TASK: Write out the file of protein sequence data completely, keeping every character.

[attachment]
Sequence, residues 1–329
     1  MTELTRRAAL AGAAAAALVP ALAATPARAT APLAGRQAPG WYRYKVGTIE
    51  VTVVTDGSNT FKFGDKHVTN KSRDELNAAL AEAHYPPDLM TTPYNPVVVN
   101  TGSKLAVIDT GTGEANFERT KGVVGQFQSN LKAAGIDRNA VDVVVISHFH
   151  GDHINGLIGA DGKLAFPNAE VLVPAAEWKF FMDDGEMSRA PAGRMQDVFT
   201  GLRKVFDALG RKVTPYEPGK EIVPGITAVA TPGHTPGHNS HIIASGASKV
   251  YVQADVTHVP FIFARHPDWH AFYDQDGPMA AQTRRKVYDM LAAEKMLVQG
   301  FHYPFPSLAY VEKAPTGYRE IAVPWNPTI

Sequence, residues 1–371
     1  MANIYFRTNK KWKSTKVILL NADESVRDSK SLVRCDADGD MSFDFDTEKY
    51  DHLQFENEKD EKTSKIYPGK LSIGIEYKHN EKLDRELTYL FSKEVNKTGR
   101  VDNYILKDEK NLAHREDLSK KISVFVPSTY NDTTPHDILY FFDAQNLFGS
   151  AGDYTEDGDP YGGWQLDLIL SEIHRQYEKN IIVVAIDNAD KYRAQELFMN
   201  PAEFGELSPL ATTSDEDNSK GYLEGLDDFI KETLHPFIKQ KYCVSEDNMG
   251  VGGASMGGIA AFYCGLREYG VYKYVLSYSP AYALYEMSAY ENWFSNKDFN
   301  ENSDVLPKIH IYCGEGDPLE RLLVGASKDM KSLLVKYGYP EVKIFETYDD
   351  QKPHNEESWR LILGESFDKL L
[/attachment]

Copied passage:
Sequence, residues 1–329
     1  MTELTRRAAL AGAAAAALVP ALAATPARAT APLAGRQAPG WYRYKVGTIE
    51  VTVVTDGSNT FKFGDKHVTN KSRDELNAAL AEAHYPPDLM TTPYNPVVVN
   101  TGSKLAVIDT GTGEANFERT KGVVGQFQSN LKAAGIDRNA VDVVVISHFH
   151  GDHINGLIGA DGKLAFPNAE VLVPAAEWKF FMDDGEMSRA PAGRMQDVFT
   201  GLRKVFDALG RKVTPYEPGK EIVPGITAVA TPGHTPGHNS HIIASGASKV
   251  YVQADVTHVP FIFARHPDWH AFYDQDGPMA AQTRRKVYDM LAAEKMLVQG
   301  FHYPFPSLAY VEKAPTGYRE IAVPWNPTI

Sequence, residues 1–371
     1  MANIYFRTNK KWKSTKVILL NADESVRDSK SLVRCDADGD MSFDFDTEKY
    51  DHLQFENEKD EKTSKIYPGK LSIGIEYKHN EKLDRELTYL FSKEVNKTGR
   101  VDNYILKDEK NLAHREDLSK KISVFVPSTY NDTTPHDILY FFDAQNLFGS
   151  AGDYTEDGDP YGGWQLDLIL SEIHRQYEKN IIVVAIDNAD KYRAQELFMN
   201  PAEFGELSPL ATTSDEDNSK GYLEGLDDFI KETLHPFIKQ KYCVSEDNMG
   251  VGGASMGGIA AFYCGLREYG VYKYVLSYSP AYALYEMSAY ENWFSNKDFN
   301  ENSDVLPKIH IYCGEGDPLE RLLVGASKDM KSLLVKYGYP EVKIFETYDD
   351  QKPHNEESWR LILGESFDKL L